My posts on unemployment in Massachusetts have drawn commentary here and attention from the media and government. A producer from WBUR called me last week to set up a panel discussion on Friday where I will join an economist and the Commonwealth’s Secretary of Labor and Workforce Development, Suzanne Bump to talk about the situation in Massachusetts and respond to listeners who call in with questions. I’ve also been talking with a staffer at that agency, where they have started a blog about jobs and unemployment.
I would like to invite people to post questions here…to relate their experiences…to say things you would like me to think about while I’m on this radio show. I can’t answer specific personal detail questions, but it would help to be able to pass along the kind of real questions and stories that people have.
- The reason initial claims are not online is due to the complexity and age of the existing system–which is being overhauled. Now, I still don’t understand why a simple web submission form could be deployed, but I did not get into all the details with her…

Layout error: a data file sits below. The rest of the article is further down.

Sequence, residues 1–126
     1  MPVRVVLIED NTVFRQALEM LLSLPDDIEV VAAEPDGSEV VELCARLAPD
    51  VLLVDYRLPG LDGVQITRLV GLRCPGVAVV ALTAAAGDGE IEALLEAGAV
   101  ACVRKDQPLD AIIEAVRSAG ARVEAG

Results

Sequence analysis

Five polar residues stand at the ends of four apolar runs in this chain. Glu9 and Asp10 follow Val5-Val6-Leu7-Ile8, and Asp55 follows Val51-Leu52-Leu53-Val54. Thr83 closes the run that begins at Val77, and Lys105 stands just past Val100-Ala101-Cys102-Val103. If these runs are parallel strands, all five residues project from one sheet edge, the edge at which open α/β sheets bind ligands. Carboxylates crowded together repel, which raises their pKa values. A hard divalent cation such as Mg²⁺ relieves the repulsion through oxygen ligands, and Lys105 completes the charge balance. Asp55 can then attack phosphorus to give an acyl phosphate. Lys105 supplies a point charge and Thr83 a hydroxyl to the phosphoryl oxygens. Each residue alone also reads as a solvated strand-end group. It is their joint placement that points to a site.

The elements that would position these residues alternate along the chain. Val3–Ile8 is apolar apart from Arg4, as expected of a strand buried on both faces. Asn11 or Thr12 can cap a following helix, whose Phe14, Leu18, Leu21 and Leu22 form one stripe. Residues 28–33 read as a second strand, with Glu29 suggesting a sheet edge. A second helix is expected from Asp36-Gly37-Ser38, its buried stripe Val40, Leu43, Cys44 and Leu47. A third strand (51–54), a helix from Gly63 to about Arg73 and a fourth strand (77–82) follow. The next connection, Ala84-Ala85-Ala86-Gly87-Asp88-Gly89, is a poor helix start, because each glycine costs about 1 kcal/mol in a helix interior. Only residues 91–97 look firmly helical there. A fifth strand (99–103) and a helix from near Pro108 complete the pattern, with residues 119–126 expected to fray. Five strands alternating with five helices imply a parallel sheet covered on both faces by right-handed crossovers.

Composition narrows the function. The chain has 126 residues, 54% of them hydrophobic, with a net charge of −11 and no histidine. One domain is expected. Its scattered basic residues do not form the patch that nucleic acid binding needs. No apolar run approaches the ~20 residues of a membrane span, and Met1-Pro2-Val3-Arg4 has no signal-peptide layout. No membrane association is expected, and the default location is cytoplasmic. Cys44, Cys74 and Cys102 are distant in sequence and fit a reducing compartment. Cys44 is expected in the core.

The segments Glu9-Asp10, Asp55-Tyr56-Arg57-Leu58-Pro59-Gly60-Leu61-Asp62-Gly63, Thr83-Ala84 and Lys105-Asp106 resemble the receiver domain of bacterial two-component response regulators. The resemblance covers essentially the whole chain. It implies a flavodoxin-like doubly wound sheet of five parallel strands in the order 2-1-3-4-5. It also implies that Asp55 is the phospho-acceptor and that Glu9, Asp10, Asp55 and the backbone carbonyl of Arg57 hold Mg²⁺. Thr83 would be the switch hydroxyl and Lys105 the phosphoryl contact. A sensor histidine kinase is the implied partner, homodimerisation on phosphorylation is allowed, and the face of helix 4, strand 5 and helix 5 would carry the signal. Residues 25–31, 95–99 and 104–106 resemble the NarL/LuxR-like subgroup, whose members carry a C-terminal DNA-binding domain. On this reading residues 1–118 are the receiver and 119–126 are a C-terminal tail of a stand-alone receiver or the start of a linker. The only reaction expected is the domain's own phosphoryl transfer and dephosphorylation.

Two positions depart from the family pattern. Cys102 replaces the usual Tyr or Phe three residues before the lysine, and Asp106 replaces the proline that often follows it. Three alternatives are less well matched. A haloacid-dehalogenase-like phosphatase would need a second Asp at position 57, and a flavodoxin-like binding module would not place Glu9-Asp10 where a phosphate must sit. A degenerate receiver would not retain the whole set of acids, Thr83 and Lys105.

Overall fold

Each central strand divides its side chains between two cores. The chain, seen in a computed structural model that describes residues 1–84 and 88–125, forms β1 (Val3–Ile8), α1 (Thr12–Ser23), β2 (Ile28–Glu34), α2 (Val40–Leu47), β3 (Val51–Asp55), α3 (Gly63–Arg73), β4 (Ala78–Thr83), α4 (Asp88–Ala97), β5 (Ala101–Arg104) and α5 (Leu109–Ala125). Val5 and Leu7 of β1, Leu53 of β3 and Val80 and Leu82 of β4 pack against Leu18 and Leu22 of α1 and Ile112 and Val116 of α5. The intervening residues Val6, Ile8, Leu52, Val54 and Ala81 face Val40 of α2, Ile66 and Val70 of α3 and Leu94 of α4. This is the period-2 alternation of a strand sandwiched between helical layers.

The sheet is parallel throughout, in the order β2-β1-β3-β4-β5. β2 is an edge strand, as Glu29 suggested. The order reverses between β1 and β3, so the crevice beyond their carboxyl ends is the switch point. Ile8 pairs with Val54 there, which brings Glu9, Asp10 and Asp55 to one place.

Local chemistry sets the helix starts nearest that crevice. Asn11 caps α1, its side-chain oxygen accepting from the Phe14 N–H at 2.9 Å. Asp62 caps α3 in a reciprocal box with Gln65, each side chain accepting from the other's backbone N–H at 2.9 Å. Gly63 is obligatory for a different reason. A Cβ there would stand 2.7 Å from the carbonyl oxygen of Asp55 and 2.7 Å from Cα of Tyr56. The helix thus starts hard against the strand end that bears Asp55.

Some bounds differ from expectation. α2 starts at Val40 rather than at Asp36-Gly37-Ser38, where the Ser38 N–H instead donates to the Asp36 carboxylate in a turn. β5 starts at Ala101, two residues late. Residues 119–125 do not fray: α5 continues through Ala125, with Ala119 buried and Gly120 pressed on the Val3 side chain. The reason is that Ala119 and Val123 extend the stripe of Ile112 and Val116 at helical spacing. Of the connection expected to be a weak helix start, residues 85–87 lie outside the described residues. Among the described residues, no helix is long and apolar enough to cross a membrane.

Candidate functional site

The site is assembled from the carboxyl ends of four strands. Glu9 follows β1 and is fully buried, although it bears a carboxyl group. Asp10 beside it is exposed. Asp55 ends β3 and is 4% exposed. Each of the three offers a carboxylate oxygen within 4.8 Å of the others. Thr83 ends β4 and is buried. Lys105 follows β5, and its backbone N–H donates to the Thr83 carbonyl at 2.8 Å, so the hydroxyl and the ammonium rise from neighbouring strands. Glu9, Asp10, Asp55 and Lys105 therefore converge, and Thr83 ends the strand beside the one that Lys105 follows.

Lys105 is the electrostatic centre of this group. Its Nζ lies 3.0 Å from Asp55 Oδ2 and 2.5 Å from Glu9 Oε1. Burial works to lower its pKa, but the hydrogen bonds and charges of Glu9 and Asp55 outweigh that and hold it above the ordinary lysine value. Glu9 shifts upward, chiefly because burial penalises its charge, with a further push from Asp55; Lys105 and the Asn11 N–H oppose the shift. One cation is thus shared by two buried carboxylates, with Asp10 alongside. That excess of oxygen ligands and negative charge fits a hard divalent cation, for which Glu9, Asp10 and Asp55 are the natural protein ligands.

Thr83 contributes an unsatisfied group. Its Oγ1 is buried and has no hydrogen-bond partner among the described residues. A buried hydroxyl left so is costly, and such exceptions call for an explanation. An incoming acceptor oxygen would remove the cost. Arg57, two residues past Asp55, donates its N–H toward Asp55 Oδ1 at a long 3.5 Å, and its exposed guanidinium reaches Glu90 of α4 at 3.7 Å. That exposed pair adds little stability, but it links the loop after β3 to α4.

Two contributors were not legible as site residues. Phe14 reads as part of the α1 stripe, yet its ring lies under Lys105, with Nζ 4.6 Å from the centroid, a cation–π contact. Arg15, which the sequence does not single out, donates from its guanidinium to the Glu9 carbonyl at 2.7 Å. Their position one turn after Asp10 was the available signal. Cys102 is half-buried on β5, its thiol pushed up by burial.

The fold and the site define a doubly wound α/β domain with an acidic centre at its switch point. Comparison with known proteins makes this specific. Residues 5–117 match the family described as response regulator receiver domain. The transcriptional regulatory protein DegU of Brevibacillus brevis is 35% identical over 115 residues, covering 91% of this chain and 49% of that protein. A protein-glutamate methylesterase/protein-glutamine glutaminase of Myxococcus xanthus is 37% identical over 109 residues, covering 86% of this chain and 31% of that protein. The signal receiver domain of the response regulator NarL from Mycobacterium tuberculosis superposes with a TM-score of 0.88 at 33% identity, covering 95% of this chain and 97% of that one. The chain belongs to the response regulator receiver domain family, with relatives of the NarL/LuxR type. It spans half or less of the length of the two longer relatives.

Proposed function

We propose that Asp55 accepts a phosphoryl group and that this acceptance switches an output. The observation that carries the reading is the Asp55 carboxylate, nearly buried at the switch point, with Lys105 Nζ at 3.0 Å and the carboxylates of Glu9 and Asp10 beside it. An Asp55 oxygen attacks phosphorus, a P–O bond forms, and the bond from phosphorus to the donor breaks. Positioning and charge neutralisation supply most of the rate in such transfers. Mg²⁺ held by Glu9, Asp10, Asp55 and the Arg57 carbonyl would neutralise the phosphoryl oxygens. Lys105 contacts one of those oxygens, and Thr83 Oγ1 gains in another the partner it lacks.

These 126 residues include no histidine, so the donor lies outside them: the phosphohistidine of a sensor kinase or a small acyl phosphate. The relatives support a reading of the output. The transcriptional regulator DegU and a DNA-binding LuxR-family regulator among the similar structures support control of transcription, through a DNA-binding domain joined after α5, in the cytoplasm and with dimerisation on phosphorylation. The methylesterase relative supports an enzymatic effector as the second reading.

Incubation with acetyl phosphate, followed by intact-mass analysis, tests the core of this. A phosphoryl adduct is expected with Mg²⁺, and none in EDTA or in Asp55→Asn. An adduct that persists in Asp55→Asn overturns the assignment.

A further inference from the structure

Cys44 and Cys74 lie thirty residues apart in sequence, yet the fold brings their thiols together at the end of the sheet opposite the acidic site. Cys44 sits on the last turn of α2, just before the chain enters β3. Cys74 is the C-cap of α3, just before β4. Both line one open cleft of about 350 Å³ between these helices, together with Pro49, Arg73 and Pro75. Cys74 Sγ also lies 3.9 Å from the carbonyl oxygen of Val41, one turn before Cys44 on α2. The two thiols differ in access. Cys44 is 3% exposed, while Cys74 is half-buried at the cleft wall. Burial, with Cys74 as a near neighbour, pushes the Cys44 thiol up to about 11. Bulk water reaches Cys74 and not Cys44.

- My situation is not typical. Many people have complicated claims where they did not work for the same employer all year or their employer disputes their eligibility, etc. The claims process is much more complicated for many than it was for me, so it is a mistake to assume everyone’s situation is simple.
Update: As I was writing this post, I noticed a tweet from my friend Rachel Levy, who was also interviewed by WBUR and quoted in a post just now. It does make me pause to ask myself why I am putting myself out there and whether I’m developing an unintentional brand as “celebrity unemployed.” Does this press help or hurt me?
I don’t know. What I do know is that dozens of people have contacted me about my blog posts and have asked me questions I’m not qualified to answer regarding benefits. I do know that I spent a lot of time and frustration on the phone and I believe there are ways to solve these problems. I am excited that my writing about these solutions has drawn the attention of the media and people in our state agencies who have the power and resources to do something about it. So I keep doing it. I feel like there are thousands of people who feel no one is listening to them and if I get the attention of somebody, I should make the most of it.